Consent

Consent is the voluntary agreement to engage in, and continue to engage in, physical contact or sexual activity. Consent means that all persons involved demonstrate, through words or actions, that they freely and mutually agree to participate.

1. A mutual and committed agreement

Everyone involved in a sexual activity must give consent. Consent must be communicated between the individuals taking part in sexual activities. Silence or the absence of a “no” is not consent. Everyone involved in a sexual activity must give consent, and a person cannot give consent on behalf of another person.

2. Always the responsibility of the initiator of the act

It is the responsibility of the person initiating sexual activity or wanting to change to a different sexual activity (e.g. from a hug to a kiss) to ask for and ensure there is ongoing consent.

Be mindful of age limits, positions and power: there is no consent where one person abuses a position of trust, power or authority over another person. Positions of power of the person initiating a sexual activity can impact the ability of the person being asked to provide consent, to say no, ask for what they want, or to engage in fully consensual activities.

3. Enthusiastic

Enthusiastic consent signifies joyful, engaged and fun sexual activity, where respectful and healthy consensual sex is enjoyed among participants.  The absence of resistance is not consent.

Consent cannot be obtained or given when there is force of any kind. This includes coercion, pleading, force, threats, or intimidation, or where there is fraud or withholding or critical information that could affect a person’s decision to consent. 

4. Ongoing and practiced at every step

Just because someone has consented to one thing does not mean they have consented to anything else. Consent can be withdrawn at any time; it is continuous and needs to be given at all stages of physical contact or sexual activity, even if you have done it before or are in a relationship with someone with whom you are sexually active. Never assume that consent has been given, you always have to ask.

5. Not pre-determined

Past consent does not imply future consent. Consent is not a contract; people can change their minds. Consent must occur right before any sexual activity occurs or changes; this involves an on-going check-in process.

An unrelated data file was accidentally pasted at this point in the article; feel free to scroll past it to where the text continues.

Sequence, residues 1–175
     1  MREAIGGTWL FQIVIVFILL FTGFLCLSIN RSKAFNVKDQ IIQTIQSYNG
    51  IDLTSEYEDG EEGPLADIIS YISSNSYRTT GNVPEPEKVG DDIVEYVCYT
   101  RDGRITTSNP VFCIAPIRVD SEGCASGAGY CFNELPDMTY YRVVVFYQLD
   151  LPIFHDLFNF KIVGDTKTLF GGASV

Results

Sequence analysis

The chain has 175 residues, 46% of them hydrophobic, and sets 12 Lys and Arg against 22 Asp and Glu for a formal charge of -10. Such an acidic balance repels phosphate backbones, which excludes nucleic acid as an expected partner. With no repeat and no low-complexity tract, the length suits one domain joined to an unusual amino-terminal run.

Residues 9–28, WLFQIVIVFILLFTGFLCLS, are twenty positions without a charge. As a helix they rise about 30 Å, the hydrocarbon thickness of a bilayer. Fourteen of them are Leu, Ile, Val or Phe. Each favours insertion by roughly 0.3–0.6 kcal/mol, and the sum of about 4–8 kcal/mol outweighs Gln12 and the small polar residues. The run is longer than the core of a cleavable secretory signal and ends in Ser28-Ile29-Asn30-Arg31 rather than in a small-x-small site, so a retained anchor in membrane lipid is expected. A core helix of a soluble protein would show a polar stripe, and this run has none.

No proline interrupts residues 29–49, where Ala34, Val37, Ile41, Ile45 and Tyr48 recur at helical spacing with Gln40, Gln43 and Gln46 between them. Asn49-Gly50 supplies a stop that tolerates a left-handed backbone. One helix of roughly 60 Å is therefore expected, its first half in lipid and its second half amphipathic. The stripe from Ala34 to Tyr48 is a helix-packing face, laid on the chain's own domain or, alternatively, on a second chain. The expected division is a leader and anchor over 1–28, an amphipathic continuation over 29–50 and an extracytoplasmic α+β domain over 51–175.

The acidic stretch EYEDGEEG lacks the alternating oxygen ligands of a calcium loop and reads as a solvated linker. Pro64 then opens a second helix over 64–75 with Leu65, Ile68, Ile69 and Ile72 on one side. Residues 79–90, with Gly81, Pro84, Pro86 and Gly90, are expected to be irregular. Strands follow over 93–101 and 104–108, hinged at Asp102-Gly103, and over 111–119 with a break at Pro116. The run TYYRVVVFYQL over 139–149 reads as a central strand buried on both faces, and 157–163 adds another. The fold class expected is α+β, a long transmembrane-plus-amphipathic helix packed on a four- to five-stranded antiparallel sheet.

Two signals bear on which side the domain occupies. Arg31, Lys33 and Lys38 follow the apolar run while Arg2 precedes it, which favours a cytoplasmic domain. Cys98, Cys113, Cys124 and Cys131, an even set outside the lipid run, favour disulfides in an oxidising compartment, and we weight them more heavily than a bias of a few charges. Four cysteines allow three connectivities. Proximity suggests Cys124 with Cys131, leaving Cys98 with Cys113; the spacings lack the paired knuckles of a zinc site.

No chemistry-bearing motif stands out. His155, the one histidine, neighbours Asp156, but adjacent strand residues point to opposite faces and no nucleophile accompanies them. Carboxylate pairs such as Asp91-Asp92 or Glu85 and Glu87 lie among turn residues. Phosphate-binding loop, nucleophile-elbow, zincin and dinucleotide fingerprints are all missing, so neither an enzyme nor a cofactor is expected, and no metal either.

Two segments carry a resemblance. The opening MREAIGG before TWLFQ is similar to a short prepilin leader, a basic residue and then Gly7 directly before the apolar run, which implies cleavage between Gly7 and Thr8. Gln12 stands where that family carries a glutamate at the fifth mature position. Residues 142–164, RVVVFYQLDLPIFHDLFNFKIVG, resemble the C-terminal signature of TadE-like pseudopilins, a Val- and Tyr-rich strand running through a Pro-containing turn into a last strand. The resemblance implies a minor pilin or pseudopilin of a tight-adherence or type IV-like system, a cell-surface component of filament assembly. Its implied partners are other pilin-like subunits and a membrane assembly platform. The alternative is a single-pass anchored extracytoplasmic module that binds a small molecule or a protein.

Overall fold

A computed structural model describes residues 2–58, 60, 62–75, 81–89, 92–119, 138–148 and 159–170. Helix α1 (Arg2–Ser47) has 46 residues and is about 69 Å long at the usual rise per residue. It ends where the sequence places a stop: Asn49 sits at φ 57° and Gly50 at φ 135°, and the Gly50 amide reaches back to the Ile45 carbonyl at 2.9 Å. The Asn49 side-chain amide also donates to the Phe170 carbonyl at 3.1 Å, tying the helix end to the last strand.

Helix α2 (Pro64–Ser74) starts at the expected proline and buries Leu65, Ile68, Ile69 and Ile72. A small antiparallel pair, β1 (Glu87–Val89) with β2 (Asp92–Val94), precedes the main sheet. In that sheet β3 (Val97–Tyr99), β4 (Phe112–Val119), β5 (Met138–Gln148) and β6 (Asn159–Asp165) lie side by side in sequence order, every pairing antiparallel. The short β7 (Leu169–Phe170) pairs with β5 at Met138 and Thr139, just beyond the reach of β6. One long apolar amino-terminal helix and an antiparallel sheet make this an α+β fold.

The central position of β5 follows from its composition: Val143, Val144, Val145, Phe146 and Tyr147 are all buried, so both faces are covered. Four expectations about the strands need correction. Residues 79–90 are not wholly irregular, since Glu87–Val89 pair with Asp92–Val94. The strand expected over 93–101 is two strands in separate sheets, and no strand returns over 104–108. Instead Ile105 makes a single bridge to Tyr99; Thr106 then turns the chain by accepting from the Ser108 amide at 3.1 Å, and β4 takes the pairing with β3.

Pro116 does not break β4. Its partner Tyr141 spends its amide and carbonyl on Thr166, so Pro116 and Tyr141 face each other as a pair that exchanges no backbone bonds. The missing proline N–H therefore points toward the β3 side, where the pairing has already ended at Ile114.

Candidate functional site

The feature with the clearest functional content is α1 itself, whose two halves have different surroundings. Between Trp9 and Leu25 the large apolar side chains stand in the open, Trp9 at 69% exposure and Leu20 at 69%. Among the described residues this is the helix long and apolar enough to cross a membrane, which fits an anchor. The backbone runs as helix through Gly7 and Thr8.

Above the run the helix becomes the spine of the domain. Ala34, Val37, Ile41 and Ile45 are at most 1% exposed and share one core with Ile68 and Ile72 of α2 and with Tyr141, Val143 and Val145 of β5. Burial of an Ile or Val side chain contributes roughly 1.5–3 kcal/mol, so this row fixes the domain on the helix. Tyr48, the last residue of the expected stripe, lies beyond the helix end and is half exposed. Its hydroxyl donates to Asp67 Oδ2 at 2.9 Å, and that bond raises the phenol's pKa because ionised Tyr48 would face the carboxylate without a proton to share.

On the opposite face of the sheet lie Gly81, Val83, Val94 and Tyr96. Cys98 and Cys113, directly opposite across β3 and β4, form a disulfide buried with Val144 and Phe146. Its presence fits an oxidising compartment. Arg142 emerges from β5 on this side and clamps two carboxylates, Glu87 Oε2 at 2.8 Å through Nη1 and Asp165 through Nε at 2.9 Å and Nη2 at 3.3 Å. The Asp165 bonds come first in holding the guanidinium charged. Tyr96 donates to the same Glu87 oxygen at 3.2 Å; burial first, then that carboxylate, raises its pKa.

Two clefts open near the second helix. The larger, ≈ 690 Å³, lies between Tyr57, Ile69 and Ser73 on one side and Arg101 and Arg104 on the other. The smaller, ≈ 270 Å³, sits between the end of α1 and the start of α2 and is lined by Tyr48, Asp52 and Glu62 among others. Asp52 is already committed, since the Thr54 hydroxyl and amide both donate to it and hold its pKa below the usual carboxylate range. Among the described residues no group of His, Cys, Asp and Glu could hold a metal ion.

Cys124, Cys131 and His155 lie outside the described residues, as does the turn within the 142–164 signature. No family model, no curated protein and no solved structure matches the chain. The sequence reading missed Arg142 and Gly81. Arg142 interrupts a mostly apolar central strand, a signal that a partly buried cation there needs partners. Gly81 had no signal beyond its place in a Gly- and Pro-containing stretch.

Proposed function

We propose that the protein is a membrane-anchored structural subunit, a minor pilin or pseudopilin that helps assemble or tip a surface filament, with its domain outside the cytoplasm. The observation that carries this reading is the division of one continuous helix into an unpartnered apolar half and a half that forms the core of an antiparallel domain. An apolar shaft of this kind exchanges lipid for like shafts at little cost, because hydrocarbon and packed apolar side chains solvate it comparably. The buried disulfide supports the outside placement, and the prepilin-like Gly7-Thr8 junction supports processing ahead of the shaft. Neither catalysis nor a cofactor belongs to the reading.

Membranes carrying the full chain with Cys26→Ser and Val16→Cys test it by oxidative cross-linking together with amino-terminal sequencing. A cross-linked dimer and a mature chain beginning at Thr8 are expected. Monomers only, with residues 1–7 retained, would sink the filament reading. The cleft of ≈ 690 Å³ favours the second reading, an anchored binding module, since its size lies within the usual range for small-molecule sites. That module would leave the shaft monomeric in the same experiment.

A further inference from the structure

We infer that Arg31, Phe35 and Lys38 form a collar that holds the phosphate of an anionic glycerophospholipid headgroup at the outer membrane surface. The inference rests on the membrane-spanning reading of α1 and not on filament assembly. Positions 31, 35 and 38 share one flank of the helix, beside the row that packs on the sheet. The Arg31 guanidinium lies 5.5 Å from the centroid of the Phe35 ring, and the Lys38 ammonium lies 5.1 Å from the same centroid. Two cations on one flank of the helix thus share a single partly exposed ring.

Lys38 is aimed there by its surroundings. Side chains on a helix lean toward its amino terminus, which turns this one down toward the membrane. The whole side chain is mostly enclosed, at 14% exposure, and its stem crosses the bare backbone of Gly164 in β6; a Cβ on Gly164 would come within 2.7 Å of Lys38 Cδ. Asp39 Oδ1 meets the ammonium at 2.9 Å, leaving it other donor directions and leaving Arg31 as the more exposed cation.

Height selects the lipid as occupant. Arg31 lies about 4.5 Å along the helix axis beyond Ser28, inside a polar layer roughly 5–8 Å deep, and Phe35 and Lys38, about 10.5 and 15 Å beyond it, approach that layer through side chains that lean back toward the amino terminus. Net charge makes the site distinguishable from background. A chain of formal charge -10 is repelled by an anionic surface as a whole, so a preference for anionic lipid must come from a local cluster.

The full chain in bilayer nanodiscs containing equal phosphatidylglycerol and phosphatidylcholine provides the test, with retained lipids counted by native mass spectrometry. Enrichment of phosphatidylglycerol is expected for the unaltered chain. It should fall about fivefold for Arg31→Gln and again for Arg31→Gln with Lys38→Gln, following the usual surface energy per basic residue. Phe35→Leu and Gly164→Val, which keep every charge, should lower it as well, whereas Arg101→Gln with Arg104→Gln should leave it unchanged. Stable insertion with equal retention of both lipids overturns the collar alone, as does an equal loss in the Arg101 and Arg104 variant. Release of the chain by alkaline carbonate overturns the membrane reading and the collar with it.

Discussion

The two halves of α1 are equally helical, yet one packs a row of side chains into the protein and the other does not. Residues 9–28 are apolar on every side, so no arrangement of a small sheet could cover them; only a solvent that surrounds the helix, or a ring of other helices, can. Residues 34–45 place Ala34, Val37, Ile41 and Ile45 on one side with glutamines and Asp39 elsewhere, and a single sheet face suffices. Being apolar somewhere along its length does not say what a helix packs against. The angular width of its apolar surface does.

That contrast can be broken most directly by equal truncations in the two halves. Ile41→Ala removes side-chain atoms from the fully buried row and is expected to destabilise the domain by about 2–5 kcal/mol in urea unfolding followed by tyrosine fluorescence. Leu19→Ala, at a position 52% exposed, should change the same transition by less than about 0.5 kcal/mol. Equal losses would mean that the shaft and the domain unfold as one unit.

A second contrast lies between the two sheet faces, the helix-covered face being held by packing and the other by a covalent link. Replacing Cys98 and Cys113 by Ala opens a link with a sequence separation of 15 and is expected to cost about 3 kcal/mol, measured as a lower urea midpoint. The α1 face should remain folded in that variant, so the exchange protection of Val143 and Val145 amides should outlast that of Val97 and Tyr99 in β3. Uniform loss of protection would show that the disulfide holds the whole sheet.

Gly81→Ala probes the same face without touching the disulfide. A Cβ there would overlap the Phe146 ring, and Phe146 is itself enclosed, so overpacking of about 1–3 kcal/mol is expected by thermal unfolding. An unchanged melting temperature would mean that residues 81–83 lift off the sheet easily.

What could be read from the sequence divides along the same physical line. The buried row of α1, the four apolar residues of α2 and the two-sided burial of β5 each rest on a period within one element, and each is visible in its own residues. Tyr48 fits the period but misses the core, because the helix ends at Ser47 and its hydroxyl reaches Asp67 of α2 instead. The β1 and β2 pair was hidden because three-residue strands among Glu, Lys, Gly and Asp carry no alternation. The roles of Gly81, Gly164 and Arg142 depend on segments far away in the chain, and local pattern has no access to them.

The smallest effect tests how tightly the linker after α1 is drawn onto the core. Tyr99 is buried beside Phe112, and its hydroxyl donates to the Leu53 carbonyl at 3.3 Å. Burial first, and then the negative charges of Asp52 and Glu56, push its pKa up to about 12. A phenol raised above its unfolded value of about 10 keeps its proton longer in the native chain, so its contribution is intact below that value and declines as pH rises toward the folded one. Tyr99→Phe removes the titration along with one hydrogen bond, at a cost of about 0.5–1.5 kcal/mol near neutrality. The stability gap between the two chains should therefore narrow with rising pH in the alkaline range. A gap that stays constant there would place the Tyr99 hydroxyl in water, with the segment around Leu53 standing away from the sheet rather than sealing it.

6. Best practiced sober

Consent cannot be legally given when someone does not have the capacity to give consent, such as when the person cannot appreciate the who, what, when, where, why, or how of a physical contact or sexual activity.  This can often occur under the influence of drugs or alcohol.  Alcohol or drug use is often used to deny responsibility of an assault (e.g. “I was drunk and I didn’t know what I was doing”), or to victim blame those who have been assaulted (e.g. “She shouldn’t have gotten so drunk.”). Intoxication cannot be used as an excuse for not obtaining consent.

Additional considerations

  • Be mindful of age limits, positions and power: Age, position and power of the person initiating a sexual activity can impact the ability of the person being asked to provide consent, to say no, ask for what they want, or to engage in fully consensual activities.
  • Consent cannot be obtained under force of any kind: Consent cannot be given when there is force of any kind. This includes pleading, complaining, threatening, ordering or asking again and again until someone gives in.

Why is consent important?

Consent is the basis of healthy sexual activities, where all parties are fully willing and engaged in the sexual activity taking place.

UVic’s goal is to foster a campus community that is engaged in a dialogue about consent and the prevention of sexualized violence, and is mobilized not only to practice consent in their own relationships, but also to support a culture of consent on campus. 

How to engage in consensual sex

  • Ask: Ask your partner if they are willing
  • Listen: Listen to what your partner has to say
  • Respect: Respect their answer, no matter what

This is an ongoing and continual check-in process.

Learn about the UVic Let's Get Consensual campaign